Photovoltaic (PV) Electric Systems
Photovoltaic systems use solar cells to capture the sun rays and convert that energy into electricity. Such systems
allow homeowners to generate electricity in a clean, reliable, and quiet way that can offset the cost of future
electricity costs and decrease their dependence on the energy grid.
Photovoltaic cells are generally made from modified silicon, or other semi conductive materials, that absorb and
convert sunlight into electricity. Photovoltaic cells are long lasting (the first PV system ever installed in the USA
– in 1954 – is still operating today). Most manufacturers warranty their products power output for a minimum of 20
years. But most solar professionals agree that a system should last at least 25 – 30 years.
Types of Solar Cells
There are three basic types of PV modules: monocrystalline, polycrystalline, and thin-film. All modules work well
though monocrystalline cells often yield the greatest efficiencies. Thin-film technology typically costs less and
its efficiency is ever improving as demand for solar panels grow. A growing variety of manufacturers and models are
available in the marketplace today. A solar pro can walk you through the advantages and disadvantages of each system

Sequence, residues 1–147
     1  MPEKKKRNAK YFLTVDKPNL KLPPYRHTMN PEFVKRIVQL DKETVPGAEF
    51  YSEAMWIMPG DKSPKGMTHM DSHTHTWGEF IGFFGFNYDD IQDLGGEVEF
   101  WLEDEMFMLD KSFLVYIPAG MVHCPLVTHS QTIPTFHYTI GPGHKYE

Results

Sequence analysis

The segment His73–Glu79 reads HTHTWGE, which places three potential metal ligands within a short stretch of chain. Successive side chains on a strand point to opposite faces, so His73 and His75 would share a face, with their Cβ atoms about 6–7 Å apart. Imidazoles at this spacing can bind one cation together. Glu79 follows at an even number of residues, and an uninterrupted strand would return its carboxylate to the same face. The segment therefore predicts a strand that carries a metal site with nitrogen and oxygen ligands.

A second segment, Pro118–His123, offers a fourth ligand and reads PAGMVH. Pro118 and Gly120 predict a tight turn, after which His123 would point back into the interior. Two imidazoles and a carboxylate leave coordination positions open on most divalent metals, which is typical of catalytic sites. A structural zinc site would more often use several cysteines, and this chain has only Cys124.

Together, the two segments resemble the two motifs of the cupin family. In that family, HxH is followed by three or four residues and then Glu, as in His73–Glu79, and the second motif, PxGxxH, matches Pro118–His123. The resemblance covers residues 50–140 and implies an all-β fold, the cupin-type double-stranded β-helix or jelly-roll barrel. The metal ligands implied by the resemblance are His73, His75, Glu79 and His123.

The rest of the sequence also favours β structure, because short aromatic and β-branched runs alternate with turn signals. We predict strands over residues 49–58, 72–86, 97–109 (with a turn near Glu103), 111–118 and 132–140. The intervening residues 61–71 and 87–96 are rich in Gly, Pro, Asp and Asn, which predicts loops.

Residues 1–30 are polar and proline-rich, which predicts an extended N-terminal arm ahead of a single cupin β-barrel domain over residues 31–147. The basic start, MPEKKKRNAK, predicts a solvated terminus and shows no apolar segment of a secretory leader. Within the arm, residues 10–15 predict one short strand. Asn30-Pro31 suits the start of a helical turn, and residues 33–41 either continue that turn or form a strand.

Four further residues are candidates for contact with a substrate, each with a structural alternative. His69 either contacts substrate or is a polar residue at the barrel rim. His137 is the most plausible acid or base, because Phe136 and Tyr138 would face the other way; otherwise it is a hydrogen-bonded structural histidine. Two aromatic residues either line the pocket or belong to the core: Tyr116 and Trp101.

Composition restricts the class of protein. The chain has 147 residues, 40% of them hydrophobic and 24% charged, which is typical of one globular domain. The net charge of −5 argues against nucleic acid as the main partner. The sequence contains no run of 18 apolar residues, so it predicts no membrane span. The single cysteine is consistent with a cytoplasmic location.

so that you find a design that performs optimally over its multi-decade long lifespan for your application.
How solar electric systems work
Photovoltaic panels are often mounted on a roof and wired into a building via an inverter. The inverter converts the
direct current (DC) energy generated through the solar panels into alternating current (AC), the most common type
of current used to power buildings in the USA.
Orienting solar panels to the south maximizes the effectiveness of energy collection, and most roofs – from flat to
60-degrees – can accommodate photovoltaic cells.
For more detailed information on how PV cells generate electricity, check out SolarEnergy.net's
Cells Work page.
Orienting solar panels to the south maximizes the effectiveness of energy collection, and most roofs – from flat
to 60-degrees – can accommodate photovoltaic cells.
Solar Panels vs Building Integrated Photovoltaic Products (BIPV)
Solar panels are flat panels of photovoltaic arrays mounted on a roof or a pole to capture the sun's rays. They are
the traditional arrays used to catch energy from the sun. Because of their standalone design, solar panels are well
suited for home retrofits or remodels.
Solar photovoltaic cells, however, are increasingly incorporated into building components such as windows, walls,
or roof tiles. The effect provides a seamless integration into a building's design since the BIPV components
essentially disappear into the skin of your home. BIPV products work particularly well for new home construction
or a significant remodel. And because BIPV panels are made for both photovoltaic and thermal collection systems,
designers often place both technologies side-by-side to further maximize efficiencies.
For more information about solar electric costs, visit our
Solar Power Cost page or visit our
Solar Power Financing
Options page for information on how to pay for your system.